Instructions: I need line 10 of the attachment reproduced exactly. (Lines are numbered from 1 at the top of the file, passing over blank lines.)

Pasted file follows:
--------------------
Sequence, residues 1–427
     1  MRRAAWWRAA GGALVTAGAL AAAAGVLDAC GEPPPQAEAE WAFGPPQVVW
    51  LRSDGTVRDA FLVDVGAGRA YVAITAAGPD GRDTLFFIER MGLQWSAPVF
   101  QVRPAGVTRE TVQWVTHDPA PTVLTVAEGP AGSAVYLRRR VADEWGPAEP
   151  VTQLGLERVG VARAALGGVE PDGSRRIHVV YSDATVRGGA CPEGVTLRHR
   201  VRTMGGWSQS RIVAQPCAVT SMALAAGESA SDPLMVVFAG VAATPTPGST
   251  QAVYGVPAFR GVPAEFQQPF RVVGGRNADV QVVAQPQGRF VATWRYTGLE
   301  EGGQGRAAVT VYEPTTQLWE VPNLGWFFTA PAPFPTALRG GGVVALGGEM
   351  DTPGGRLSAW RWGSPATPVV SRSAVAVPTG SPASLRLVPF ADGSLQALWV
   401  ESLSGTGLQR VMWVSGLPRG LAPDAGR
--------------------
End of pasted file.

   401  ESLSGTGLQR VMWVSGLPRG LAPDAGR